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Arc de Triomphe clipart (2486 bytes)Text-to-HTML utility


Written by Frieder Monninger fm@object-tools.com

htmindex.zip (21,636 bytes)


Introduction

The 'htmindex' program reads a set of input files, and produces a set of HTML formatted files, including an automatically-generated Index and Table of Contents.

This program is a quick "hack" in order to make html programming more convenient. Use it, enhance it (and send me the enhanced version ;-) To compile it with Eiffel/S 1.3S, you need to install some enhanced kernel files. Put the files from the kernel directory into $EIFFELS/library/kernel

Input Files

The input files are standard ASCII files, and must all be stored in the same directory.

Three special files must be present:

HEAD.STD

The head.std file contains at least the standard html prologue. This file is automatically included at the top of every HTML output file.

This file may be empty, in which case every input file must contain its own prologue.

A typical 'head.std' file looks like this:

<html>
<head>
</head>
<body>
<a href="titles.htm">[Table of contents]

FOOT.STD

The text in the foot.std file is automatically appended to every HTML output file.

FILELIST.DAT

The filelist.dat file lists the files to be processed.

It must contain plain file names (8 characters or less, with no suffix). The suffix '.raw' will be added to every filename before processing.

For example, to process the files 'intro.raw', 'commands.raw' and 'hints.raw', the 'filelist.dat' file should look like this:

intro
commands
hints

These files will be listed in the Table of Contents in the same order that they are listed in 'filelist.dat'.

Only the files listed in 'filelist.dat' are processed. Other '.raw' files in the same directory will be ignored. If you add a new '.raw' file, you must add it to 'filelist.dat'.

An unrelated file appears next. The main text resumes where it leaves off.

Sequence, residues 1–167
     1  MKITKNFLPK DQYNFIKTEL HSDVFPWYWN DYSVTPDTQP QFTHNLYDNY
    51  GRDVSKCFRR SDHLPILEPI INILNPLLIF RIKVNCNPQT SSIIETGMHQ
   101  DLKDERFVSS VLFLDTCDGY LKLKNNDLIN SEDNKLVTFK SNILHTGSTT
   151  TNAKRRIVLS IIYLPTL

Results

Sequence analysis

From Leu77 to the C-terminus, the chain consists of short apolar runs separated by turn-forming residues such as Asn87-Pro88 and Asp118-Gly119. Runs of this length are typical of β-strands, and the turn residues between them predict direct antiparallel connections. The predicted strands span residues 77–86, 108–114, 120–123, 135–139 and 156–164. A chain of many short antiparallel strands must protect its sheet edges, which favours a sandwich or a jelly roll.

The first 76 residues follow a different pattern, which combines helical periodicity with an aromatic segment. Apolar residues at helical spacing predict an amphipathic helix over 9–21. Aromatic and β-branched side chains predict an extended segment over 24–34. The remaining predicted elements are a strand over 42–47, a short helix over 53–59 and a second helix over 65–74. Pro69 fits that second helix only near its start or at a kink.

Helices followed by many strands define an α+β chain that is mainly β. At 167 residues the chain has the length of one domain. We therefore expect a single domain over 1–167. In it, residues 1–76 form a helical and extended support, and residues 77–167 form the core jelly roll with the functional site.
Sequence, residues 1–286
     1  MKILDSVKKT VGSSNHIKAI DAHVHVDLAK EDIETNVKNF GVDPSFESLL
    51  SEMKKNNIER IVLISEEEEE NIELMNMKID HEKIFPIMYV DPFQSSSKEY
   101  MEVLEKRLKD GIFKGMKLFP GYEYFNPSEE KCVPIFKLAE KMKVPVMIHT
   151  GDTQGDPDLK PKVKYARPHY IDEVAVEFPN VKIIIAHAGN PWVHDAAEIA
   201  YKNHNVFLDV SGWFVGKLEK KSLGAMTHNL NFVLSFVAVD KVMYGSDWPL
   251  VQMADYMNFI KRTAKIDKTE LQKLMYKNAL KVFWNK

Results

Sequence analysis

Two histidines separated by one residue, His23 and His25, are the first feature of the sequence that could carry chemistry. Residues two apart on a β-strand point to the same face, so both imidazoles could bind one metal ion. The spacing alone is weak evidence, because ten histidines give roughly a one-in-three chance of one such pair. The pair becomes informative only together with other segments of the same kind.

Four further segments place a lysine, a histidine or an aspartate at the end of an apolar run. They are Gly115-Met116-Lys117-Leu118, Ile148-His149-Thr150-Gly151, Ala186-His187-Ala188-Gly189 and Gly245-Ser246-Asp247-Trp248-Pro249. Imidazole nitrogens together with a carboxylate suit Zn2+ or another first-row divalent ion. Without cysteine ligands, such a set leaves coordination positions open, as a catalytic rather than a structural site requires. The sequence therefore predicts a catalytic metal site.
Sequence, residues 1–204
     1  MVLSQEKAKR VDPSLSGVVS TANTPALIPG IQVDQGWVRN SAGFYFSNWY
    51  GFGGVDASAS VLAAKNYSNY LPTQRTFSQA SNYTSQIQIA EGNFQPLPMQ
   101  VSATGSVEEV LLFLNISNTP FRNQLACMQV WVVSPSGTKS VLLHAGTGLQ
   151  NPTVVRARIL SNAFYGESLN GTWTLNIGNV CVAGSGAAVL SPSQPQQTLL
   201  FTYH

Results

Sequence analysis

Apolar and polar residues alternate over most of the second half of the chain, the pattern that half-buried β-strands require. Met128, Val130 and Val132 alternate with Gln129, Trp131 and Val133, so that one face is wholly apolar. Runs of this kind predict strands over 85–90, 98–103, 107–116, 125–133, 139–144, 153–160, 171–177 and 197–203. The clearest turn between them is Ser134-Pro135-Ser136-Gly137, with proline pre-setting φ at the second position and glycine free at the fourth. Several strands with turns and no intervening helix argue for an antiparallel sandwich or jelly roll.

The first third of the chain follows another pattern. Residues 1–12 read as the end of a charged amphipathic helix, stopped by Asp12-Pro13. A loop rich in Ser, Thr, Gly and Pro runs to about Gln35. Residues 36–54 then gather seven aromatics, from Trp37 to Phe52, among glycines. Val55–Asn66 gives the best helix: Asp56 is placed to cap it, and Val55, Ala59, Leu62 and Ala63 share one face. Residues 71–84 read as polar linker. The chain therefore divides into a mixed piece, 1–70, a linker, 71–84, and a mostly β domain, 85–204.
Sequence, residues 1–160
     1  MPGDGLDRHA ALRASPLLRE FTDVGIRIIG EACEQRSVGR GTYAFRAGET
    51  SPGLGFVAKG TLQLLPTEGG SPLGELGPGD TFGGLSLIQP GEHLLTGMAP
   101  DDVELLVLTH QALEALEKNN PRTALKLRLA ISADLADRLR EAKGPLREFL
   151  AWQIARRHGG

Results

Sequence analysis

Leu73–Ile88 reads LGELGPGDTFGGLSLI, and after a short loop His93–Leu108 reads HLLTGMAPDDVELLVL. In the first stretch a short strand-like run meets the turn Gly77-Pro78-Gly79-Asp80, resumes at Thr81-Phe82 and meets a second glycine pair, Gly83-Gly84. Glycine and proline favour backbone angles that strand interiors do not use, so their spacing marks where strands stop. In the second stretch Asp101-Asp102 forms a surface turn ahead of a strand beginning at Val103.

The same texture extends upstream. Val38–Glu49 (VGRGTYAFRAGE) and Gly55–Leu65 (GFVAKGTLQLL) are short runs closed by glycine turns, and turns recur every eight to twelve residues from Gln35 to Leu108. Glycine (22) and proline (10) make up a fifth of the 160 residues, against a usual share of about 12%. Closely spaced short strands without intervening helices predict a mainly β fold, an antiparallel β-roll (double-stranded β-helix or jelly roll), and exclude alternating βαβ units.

Output Files

The 'htmindex' program produces three types of output files:

Commands for the '.raw' files

The '.raw' files may contain:

The commands are based on a special escape character which indicates that the rest of the current line or the following word has a special meaning. This escape character can not be used in any other context within the document.

You do not have to use the same escape character for every file. The parser looks at the first character of each file, and uses it as the escape character for that file. The escape character is not copied to the output file.

In these examples we use $ as the escape character.

Headings

Commands can be used to specify three levels of heading. These headings are formatted
in an appropriate way in the output document.

All headings are collected and assembled into the Table of Contents file - contents.htm. A heading starts with $1 (for the highest level of heading), $2 (for the next level of heading) or $3 (for the lowest level of heading). The remaining characters in the line are used as the text of the heading.

For example:

$1Main Title
$2Chapter 1
$3Subheading
$2Chapter 2
...etc

Index Entries

To index a word, put the escape character directly in front of that word.

This causes the following effects:

For example, consider this input text:

The best $food for the $lion is ...

The resulting output text will be "The best food for the lion is ...". The words "food" and "lion" will be highlighted and both words will be put into the index. Every other occurence of "food" and "lion" (without the escape character) will be shown as a hypertext reference to this occurrence.


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